The anniversary of the moon landing last week got me thinking about David Bowie’s classic song of space travel. I knew there were songs, both by Bowie and by others, which continued the story, and the idea for this post was born. I began to research, and I discovered that a fairly coherent story emerges when the songs are put together.
Surely, I am not the first blogger to put all of this together. I’ve never seen it posted anywhere else, but I can’t imagine that no one else thought of it. So, I wanted to make it original somehow. One way to do that was to find unusual versions of some of the songs. The other way is to hope that my comments will add something new to the conversation.
David Bowie: Space Oddity
Of course, the story begins with Bowie’s Space Oddity. The literal story here is that Major Tom goes up in his spaceship, and vanishes. Just before this happens, Major Tom appears to realize that he is doomed. He asks Mission Control to tell his wife, “I love her very much.” Then, Ground Control loses contact with him. End of story.
But it’s not quite that simple. Maybe there really is no space flight at all. Some of the lyrics suggest that the story is a metaphor for the rise of a rock star celebrity, followed by his sudden disappearance into a haze of drug abuse.
But again, maybe there is a space flight. Major Tom prepares to leave his capsule, and his consciousness is altered by the experience. He reverts to a childlike state of wonder, and then disappears. So maybe his disappearance has a metaphysical explanation.
Bowie poses these questions, but gives no answers. And that probably explains why the story of Major Tom has exerted such a strong pull on other artists, and why Bowie himself keeps retuning to it.
Ray Dylan: Major Tom (Coming Home)
Peter Schilling had a hit with Major Tom (Coming Home) in the 80s. Schilling’s version reflects an 80s fascination with technology, dwelling on the technical details of the prelaunch safety checks. All systems are go, but the outcome is the same; Major Tom disappears, and is presumed dead. But Schilling adds one detail. His Major Tom realizes he is still alive, and says to himself, "Now the light commands, this is my home, I'm coming home."
I have chosen Ray Dylan’s cover of the song. Dylan renders a fairly faithful version, but strips out many of the 80s production tricks found in the original, putting the focus on the song itself. In researching Dylan, I found that his album titles were in a language I had never seen before. These albums include covers of songs in English, and what I presume are original songs in this mystery language. It sometimes looks to me like a variant on German, while I could believe other words are Hawaiian. His Facebook profile is in this same language, but I caught one word which cleared things up. The Language is Afrikaans, which would mean that Ray Dylan is from South Africa. This is all I know about him. If anyone has more information, please leave it in the comments.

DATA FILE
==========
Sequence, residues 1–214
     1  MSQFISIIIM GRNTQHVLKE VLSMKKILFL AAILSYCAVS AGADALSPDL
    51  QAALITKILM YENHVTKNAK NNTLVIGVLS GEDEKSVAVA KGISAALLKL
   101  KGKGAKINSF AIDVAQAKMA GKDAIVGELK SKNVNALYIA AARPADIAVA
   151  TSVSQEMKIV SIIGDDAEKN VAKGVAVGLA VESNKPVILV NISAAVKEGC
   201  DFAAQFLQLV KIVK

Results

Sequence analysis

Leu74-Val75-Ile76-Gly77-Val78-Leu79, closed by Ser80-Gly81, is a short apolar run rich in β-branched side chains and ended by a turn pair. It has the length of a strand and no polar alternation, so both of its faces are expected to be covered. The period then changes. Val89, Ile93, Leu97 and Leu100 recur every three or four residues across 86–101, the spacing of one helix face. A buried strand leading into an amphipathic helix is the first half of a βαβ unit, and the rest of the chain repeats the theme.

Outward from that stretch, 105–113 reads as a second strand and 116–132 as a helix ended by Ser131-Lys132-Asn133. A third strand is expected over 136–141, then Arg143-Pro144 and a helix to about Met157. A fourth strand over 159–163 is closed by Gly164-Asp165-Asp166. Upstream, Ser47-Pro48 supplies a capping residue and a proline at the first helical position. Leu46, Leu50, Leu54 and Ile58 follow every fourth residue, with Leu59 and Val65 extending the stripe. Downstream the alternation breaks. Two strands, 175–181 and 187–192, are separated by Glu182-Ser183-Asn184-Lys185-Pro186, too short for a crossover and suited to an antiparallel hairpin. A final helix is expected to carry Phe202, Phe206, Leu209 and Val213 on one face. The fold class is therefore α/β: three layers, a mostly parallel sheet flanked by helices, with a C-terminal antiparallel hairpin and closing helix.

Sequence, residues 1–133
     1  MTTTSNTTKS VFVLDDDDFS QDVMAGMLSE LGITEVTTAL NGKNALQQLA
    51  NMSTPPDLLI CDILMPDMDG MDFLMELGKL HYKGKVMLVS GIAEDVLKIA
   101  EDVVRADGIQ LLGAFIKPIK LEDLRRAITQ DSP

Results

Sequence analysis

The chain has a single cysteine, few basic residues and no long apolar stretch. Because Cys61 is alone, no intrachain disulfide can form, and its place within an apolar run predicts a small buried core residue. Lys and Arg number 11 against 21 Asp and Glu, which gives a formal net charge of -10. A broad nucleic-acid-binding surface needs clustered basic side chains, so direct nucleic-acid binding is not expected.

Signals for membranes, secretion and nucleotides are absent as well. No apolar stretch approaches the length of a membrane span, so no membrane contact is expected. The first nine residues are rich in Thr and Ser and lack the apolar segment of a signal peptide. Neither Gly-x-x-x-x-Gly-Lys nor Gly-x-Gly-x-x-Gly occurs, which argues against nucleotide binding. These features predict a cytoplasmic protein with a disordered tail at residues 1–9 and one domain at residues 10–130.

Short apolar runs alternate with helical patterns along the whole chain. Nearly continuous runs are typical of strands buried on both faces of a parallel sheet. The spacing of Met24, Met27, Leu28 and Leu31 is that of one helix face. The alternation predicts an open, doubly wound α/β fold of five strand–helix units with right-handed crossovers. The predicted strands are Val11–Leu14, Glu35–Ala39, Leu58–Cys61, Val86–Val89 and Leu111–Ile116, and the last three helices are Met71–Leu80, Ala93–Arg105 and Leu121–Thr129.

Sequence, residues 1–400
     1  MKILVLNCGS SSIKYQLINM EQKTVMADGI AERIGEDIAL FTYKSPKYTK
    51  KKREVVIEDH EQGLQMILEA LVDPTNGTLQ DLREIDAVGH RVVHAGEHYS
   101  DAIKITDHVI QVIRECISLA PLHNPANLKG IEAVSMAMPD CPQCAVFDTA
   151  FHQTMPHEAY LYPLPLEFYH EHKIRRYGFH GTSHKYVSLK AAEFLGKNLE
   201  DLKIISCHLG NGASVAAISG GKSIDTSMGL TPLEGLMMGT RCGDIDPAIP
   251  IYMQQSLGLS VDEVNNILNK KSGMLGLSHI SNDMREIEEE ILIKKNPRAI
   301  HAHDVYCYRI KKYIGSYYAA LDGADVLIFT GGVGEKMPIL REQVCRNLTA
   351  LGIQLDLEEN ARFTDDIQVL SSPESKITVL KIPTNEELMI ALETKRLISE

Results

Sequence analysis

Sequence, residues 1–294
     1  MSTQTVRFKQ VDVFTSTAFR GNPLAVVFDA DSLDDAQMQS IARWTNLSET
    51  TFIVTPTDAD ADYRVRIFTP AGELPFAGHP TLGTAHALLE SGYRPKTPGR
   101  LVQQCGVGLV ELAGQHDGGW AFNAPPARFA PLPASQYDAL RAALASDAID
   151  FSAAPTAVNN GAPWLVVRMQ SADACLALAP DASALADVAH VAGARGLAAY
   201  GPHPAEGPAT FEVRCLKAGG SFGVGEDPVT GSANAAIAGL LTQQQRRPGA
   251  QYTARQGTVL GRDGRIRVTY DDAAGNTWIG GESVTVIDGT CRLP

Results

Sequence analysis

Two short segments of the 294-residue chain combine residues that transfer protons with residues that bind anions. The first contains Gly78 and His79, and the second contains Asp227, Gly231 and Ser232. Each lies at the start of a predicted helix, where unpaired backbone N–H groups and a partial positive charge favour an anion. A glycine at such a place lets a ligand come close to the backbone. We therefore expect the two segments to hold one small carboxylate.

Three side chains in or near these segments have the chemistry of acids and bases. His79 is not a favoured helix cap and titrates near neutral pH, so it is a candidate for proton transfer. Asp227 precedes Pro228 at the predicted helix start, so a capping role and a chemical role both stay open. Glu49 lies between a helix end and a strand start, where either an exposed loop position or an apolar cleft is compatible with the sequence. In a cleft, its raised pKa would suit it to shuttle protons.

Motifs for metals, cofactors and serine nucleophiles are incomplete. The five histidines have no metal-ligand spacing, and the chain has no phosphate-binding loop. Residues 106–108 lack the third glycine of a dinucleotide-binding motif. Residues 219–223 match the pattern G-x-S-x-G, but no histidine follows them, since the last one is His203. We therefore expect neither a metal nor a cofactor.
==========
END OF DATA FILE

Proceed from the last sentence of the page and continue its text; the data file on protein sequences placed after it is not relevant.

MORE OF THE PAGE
K. I. A. featuring Larissa Gomes: Mrs Major Tom
In Mrs Major Tom, we pick up the story from the wife’s point of view. Like everyone else, she had assumed that Major Tom was dead. But now he has returned to her. Unfortunately, he is no the same person he was when he left. Bowie’s hint of a transformative experience is preserved here. “At last you’ve come back, yet still, you’re gone.” All of the possible interpretations of Bowie’s original song are intact here.
K. I. A. is an artist and musician from Toronto. His given name is Kirby Ian Andersen, and he records with a rotating cast of guest musicians. His music combines electronic and acoustic elements. His art takes the form of paintings and sculpture, and explores technological and tribal themes.
Larissa Gomes is an actress. She has had small parts in film and television shows, but has yet to land a starring role. She is also a writer, with a screenplay currently circulating in Hollywood. And she is working on her first solo album.
Happy Rhodes: Ashes to Ashes
David Bowie returned to the story with Ashes to Ashes. Here, we find Major Tom “strung out on heaven’s high”. If the drug narrative is correct, he has hit bottom here. The wife is nowhere to be seen; Major Tom has lost everything. In the metaphysical interpretation, he can no longer function in the real world. And if he is simply a returning astronaut who had an odd experience while in space, Major Tom is now like a homeless veteran who no longer knows how to function in society.
Musically, Happy Rhodes completely reimagined Ashes to Ashes. Despite the dark subject matter, Rhodes created a musical setting of great beauty; thus adding a layer of irony to Bowie’s original.
David Bowie: Hallo Spaceboy
David Bowie’s recording of Ashes to Ashes was produced by Brian Eno. Hallo Spaceboy is a cowrite by the two. Major Tom is never mentioned by name, but this does seem to be him. He has been through some kind of rehab, and now he must build a new identity for himself from scratch. The prospect is both daunting and full of potential.
There have been other Major Tom songs, but these seemed to fit together well. Perhaps, ten years from now, I will be able to present the next five songs in the saga. Stay tuned.